9780061122415The Alchemist is the magical story of Santiago, an Andalusian shepherd boy who yearns to travel in search of a worldly treasure as extravagant as any ever found. From his home in Spain he journeys to the markets of Tangiers and across the Egyptian desert to a fateful encounter with the alchemist. The story of the treasures Santiago finds along the way teaches us, as only a few stories have done, about the essential wisdom of listening to our hearts, learning to read the omens strewn along life’s path, and, above all, following our dreams.

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To Kill A Mockingbird by Harper Lee
Random House Paperback: $15.20

9780099549482‘Shoot all the bluejays you want, if you can hit ’em, but remember it’s a sin to kill a mockingbird.’ A lawyer’s advice to his children as he defends the real mockingbird of Harper Lee’s classic novel – a black man charged with the rape of a white girl. Through the young eyes of Scout and Jem Finch, Harper Lee explores with exuberant humour the irrationality of adult attitudes to race and class in the Deep South of the 1930s.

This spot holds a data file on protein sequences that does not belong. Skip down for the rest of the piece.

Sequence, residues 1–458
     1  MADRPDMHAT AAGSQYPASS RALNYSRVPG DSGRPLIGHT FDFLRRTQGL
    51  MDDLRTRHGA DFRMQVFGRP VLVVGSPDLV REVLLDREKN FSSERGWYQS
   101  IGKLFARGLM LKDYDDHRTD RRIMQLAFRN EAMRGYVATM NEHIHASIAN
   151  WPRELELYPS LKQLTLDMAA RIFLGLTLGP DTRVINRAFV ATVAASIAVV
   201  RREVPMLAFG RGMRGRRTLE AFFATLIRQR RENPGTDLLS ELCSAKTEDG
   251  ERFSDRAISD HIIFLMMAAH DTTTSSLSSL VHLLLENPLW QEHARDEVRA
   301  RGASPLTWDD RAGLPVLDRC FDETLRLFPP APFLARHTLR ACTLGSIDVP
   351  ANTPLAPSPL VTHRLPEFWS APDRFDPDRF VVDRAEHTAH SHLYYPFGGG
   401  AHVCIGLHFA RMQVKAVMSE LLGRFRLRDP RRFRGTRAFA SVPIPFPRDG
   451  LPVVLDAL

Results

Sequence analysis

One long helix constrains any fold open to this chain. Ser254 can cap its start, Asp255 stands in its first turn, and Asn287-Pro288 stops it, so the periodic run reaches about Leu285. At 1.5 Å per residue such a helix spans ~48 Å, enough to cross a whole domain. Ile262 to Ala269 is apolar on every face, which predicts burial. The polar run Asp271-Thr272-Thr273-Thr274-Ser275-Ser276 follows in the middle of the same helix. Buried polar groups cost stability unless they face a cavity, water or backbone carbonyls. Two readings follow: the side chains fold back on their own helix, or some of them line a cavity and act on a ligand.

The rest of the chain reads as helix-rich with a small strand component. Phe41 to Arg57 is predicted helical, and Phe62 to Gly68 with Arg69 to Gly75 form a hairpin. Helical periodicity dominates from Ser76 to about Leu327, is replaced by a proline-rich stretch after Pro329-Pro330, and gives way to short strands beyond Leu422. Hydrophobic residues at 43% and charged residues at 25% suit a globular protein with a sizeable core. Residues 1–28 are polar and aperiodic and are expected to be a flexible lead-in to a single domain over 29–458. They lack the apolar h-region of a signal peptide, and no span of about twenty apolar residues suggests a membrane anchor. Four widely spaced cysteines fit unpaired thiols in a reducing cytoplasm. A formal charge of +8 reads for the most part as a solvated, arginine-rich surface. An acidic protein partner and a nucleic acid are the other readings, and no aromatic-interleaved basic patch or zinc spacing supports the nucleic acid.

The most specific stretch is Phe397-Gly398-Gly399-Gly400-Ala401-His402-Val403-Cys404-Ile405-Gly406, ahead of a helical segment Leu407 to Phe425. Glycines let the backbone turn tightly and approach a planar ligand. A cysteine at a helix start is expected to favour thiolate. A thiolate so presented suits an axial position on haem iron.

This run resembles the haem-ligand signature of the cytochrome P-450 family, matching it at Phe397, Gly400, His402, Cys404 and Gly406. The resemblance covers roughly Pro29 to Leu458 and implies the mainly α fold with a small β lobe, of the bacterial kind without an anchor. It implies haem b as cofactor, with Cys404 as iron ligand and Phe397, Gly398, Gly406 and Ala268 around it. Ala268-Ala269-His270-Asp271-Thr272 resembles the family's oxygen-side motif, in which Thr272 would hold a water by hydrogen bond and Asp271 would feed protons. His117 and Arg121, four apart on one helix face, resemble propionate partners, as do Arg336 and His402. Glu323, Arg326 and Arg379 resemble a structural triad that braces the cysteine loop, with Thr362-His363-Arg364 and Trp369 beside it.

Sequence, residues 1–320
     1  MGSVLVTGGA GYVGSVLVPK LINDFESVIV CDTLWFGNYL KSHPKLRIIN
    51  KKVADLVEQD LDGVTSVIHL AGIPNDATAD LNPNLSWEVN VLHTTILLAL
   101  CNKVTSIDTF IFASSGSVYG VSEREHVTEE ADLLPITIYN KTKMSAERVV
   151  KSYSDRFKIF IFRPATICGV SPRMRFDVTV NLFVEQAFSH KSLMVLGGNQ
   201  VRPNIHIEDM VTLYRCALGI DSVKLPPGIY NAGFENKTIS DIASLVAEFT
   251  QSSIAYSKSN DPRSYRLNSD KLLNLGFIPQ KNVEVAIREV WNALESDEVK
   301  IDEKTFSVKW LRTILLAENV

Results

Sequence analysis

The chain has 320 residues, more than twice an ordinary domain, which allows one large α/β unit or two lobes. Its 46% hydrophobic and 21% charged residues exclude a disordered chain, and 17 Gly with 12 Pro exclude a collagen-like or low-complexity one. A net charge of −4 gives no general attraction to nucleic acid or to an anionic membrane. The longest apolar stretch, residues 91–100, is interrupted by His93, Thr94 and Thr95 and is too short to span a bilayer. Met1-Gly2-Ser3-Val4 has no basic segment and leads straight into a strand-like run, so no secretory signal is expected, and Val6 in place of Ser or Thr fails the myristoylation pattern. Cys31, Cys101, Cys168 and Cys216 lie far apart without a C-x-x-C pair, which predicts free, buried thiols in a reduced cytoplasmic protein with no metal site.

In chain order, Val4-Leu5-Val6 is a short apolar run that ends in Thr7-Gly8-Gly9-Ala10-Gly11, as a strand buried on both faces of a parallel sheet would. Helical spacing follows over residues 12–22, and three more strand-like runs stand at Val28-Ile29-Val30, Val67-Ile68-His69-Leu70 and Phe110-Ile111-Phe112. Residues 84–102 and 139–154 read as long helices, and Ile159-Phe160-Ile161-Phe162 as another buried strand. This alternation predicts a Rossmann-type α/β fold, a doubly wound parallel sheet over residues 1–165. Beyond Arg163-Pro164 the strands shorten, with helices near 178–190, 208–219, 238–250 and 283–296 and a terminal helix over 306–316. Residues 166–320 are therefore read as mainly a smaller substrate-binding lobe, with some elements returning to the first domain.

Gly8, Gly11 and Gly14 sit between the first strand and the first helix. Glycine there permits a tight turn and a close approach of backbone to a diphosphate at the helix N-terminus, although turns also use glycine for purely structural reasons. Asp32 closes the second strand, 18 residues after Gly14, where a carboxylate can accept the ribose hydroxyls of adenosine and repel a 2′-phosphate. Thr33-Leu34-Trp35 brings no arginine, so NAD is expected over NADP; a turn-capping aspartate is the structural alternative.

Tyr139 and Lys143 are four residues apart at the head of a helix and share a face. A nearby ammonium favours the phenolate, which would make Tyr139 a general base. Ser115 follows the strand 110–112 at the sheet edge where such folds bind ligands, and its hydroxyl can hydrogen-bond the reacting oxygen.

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Metamorphosis by Franz Kafka
Popular Penguins Edition: $8.27

9780141194837This collection brings together the small proportion of Kafka’s works that he thought worthy of publication. It includes Metamorphosis, his most famous work, an exploration of horrific transformation and alienation; Meditation, a collection of his earlier studies; The Judgement, written in a single night of frenzied creativity; The Stoker, the first chapter of a novel set in America; and a fascinating occasional piece, The Aeroplanes at Brescia, Kafka’s eyewitness account of an air display in 1909. Together, these stories reveal the breadth of Kafka’s literary vision and the extraordinary imaginative depth of his thought.

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Jane Eyre by Charlotte Bronte